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Achievement Gaps
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What are the Achievement Gaps?

  1. Achievement Gap in Race

What Is the National Assessment of Educational Progress?

The National Assessment of Educational Progress (NAEP) is the only national, continuous assessment of U.S. students' knowledge of a range of subject areas. The characteristics of the NAEP reading, math, and science assessments are described.

This reports some of the ideas and findings from the following source:

National Assessment of Educational Progress (1999).Long term trend assessment.U.S. Department of Education. Retrieved March 29, 2002 from

To see other reports that originated from this same citation, go to the bibliography.

How does the U.S. assess its students' knowledge in different content areas?

How can we tell how those scores are changing over time?

The National Assessment of Educational Progress (NAEP), also known as The Nation's Report Card, periodically tests U.S. students' knowledge of reading, mathematics, science, writing, U.S. history, civics, geography, and the arts. Started at the end of the 1960s, the NAEP is the only national and continuing assessment of student knowledge in different subjects.

While the NAEP does not provide individual student scores, it does provide scores of different age and subgroups (for instance, gender and race) across different knowledge areas.

Snapshots and Long-Term Trends

The NAEP tests student knowledge in two ways.

  1. Main assessments examine the state of knowledge of students at certain grade levels: 4, 8, and 12.
  2. Long-term assessments examine how knowledge of a particular subject area changes over time by testing students at certain ages: 9, 13, and 17.

There are some important differences between these two assessments:

  • The main assessment tests students at a certain grade level; the long-term assessment tests students of a certain age.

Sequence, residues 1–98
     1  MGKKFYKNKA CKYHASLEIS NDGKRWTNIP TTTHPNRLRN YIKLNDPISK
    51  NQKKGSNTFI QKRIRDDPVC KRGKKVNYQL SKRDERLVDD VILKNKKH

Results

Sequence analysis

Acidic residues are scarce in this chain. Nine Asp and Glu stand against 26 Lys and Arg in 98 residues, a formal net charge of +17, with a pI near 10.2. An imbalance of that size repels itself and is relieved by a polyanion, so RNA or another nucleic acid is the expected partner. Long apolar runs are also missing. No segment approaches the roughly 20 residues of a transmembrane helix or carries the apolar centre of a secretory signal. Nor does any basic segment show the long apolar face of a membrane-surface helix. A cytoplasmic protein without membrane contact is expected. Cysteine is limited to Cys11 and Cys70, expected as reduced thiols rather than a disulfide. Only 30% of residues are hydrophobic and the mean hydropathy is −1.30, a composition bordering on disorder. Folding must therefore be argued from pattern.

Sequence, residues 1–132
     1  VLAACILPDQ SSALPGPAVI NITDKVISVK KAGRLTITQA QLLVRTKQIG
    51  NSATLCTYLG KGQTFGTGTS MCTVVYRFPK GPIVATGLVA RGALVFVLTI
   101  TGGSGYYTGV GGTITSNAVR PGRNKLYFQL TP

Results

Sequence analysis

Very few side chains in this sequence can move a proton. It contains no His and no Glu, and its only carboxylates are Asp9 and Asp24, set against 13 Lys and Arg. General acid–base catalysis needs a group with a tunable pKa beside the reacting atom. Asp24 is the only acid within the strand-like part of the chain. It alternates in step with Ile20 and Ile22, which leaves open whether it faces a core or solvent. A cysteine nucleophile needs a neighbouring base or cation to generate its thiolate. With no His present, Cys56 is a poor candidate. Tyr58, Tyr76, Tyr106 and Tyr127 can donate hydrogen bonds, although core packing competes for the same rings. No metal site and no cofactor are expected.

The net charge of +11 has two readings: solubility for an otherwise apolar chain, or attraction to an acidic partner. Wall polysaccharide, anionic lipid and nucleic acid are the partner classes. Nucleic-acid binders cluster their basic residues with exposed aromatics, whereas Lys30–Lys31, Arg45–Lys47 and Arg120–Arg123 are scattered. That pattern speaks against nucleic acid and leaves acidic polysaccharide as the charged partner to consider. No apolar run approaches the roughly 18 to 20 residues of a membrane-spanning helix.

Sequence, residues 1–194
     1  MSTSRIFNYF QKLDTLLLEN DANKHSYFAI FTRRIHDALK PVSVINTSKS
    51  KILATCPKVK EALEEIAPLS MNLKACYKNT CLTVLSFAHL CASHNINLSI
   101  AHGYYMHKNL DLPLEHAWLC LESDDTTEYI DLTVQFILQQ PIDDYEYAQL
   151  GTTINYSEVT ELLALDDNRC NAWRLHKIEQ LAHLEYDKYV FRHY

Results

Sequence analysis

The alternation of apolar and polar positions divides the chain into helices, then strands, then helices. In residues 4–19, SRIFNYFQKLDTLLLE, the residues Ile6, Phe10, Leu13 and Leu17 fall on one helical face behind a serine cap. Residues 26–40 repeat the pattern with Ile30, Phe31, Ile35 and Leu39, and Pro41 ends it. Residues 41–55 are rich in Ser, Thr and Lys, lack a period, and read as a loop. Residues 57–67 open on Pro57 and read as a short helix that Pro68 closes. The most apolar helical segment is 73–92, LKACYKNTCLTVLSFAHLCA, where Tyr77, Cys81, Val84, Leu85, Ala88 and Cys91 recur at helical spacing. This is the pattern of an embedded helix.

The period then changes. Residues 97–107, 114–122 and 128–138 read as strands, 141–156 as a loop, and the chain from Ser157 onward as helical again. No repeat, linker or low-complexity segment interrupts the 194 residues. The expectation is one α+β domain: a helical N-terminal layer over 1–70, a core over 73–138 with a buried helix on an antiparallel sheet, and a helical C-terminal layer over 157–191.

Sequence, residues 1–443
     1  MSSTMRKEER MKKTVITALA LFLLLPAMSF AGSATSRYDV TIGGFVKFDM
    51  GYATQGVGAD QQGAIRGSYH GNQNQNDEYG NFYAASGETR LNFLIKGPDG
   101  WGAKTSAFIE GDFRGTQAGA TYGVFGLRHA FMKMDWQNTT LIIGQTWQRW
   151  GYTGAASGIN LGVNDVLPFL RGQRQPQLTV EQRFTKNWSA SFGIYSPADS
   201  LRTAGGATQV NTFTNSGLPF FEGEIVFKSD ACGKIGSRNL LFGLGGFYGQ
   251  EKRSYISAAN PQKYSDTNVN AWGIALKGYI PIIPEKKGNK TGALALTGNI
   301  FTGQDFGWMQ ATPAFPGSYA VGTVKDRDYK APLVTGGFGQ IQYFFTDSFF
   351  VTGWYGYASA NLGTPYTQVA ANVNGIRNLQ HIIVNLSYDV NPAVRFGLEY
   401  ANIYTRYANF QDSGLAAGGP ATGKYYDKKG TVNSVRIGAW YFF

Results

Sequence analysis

• The main assessment instruments change over time to reflect changes in current U.S. educational content and testing methodology; the long-term assessment instruments remain constant over time in order to provide a comparison at different times.

Because of these differences, it is not possible to compare the main assessment and long-term assessment scores.

How Are Students Tested?

What are students tested over in the different subject areas?

Looking at reading, math, and science, the NAEP tests students over the following materials.

Content Area

Material Used in Assessment


Reading materials:

  • "simple narrative passages to complex articles on specialized topics"

The selections include:

  • "stories, poems, essays, reports, and passages from textbooks, as well as a sample train schedule, telephone bill, and

Assessment tools:

  • multiple-choice questions
  • written response question


Aspects of mathematics knowledge measured:

  • knowledge of basic facts

  • ability to perform numerical processes with paper and pencil
  • knowledge of basic formulas for geometric measurement
  • ability to apply mathematics knowledge to everyday life

Assessment tools:

  • mostly multiple-choice questions completed without a calculator


The long-term trend assessment in science contains

  • a content dimension : the ability to conduct inquiries and solve problems, as well as mastery of science knowledge
  • a cognitive dimension

Assessment tools:

  • multiple-choice questions

Note.From National Assessment of Educational Progress (1999).Long term trend assessment.U.S. Department of Education. Retrieved March 29, 2002 from


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